"(a) the number of other factors which contribute in producing the harm and the extent of the effect which they have in producing it; "(b) whether after the event and looking back from the harm to the actor's negligent conduct it appears highly extraordinary that it should have brought about the harm; [Italics added.] "(c) whether the actor's conduct has created a force or series of forces which are in continuous and active operation up to the time of the harm, or has created a situation harmless unless acted upon by other forces for which the actor is not responsible; [Italics added.] "(d) lapse of time."

*203 But in the 1948 Supplement of the Restatement, Subsection (b) is deleted form § 433 and transferred to § 435, under Title B, "Rules Which Determine the Responsibility of a Negligent Actor for Harm Which His Conduct is a Substantial Factor in Producing". In the 1948 Supplement § 435 reads as follows:

"(1) If the actor's conduct is a substantial factor in bringing about harm to another, the fact that the actor neither foresaw nor should have foreseen the extent of the harm or the manner in which it occurred does not prevent him from being liable. "(2) The actor's conduct is not a legal cause of harm to another where after the vent and looking back from the harm to the actor's negligent conduct, it appears to the court highly extraordinary that it should have brought about the harm."

Comment c on Subsection (2) of § 435, together with Comment e under § 281, develops the legal theory that "where it appears to the court in retrospect that it is highly extraordinary that an intervening force came into operation" the problem is one of determining whether the duty imposed on the actor was designed to protect the one harmed from the risk of harm from the hazard in question, though it is conceded that courts frequently treat the question as a problem of causation.

2. In the case at bar, whether the question be phrased in terms of one legal theory or another, it must be concluded that the defendants are entitled to be absolved as a matter of law. Notwithstanding the failure of the driver of the cab to give the plaintiff a warning by sounding the horn or to yield the right of way, the situation as respects her safety, in ordinary circumstances, was precisely the same as though no negligent act had been committed. She saw the cab approaching *204 in time to step back out of its path. The driver "created a situation harmless unless acted upon by other forces for which the actor is not responsible". Restatement, Torts, § 433 (b). The other force was the suddenly opened door. It came open, as we have said, through no fault and without the knowledge of the driver of the cab. This was an intervening force and a superseding cause of the plaintiffs injury. A superseding cause is defined in § 440, Restatement, Torts, as follows:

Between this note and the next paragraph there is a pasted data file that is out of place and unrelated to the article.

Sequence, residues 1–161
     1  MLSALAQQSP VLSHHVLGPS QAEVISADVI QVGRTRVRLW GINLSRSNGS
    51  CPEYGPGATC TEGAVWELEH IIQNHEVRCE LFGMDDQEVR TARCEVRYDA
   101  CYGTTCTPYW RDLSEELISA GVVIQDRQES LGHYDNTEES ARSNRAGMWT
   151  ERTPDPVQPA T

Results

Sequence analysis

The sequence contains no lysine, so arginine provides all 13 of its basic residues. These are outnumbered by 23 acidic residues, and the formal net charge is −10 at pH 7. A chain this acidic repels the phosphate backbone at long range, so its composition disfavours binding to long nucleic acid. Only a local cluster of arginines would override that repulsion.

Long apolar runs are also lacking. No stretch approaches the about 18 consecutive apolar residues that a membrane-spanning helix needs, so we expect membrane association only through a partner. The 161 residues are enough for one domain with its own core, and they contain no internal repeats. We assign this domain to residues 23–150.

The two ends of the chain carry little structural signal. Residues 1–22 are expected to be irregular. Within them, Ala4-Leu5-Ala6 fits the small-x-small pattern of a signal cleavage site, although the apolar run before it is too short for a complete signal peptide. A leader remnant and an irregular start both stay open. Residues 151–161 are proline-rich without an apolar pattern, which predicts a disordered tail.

"A superseding cause is an act of a third person or other force which by its intervention prevents the actor from being liable for harm to another which his antecedent negligence is a substantial factor in bringing about."

Subsection 1 of § 441 provides:

"An intervening force is one which actively operates in producing harm to another after the actor's negligent act or ommission has been committed."

In subsequent sections the rules are given for determining whether the active operation of an intervening force prevents the actor's antecedent negligence from being a legal cause in bringing about harm to another. Among these is Subsection (b) of § 442, which reads:

"the fact that its operation or the consequences thereof appear after the event to be extraordinary rather than normal in view of the circumstances existing at the time of its operation".

Assuming that the defendants' negligence is to be regarded as a substantial factor in bringing about harm to the plaintiff, it appears to the court, looking back from the harm to the defendants' negligent conduct, highly extraordinary that such conduct should have produced that result.

*205 We are not to be understood as suggesting that the mere fact that neither plaintiff nor her sister was struck by the body (as distinguished from the open door) of the cab is conclusive of the question. A pedestrian might be compelled to step or jump back quickly to avoid being struck by an automobile which was unlawfully usurping the right of way, and be injured by coming into collision with another automobile whose path the pedestrian had just crossed; or he might be forced to rush across the intersection and into the path of a car speeding from the opposite direction. Cases of this kind no doubt would present questions for a jury of proximate cause as we are accustomed to call it. See Daniel v. Gielty Trucking Co., 116 NJL 172, 182 A 638. But, for the door of a slowly moving automobile to fly suddenly open when it is neither shown nor claimed that any human agency caused it to do so, or that the door was not securely fastened, or that there was any defect in its mechanism, or any fault whatever on the part of the operator of the vehicle, is certainly a highly unusual occurrence. But for that occurrence, of which the defendants' agent had no prior knowledge, there would have been no accident, for it was the open door which struck the plaintiff's sister and propelled her against the plaintiff. The injury, therefore, was one for which, under whatever theory of negligence and causation may be followed, the defendants are not legally responsible. As to this, we are satisfied there is no room for a reasonable difference of opinion.

The judgment is reversed and the cause remanded with directions to enter judgment for the defendants.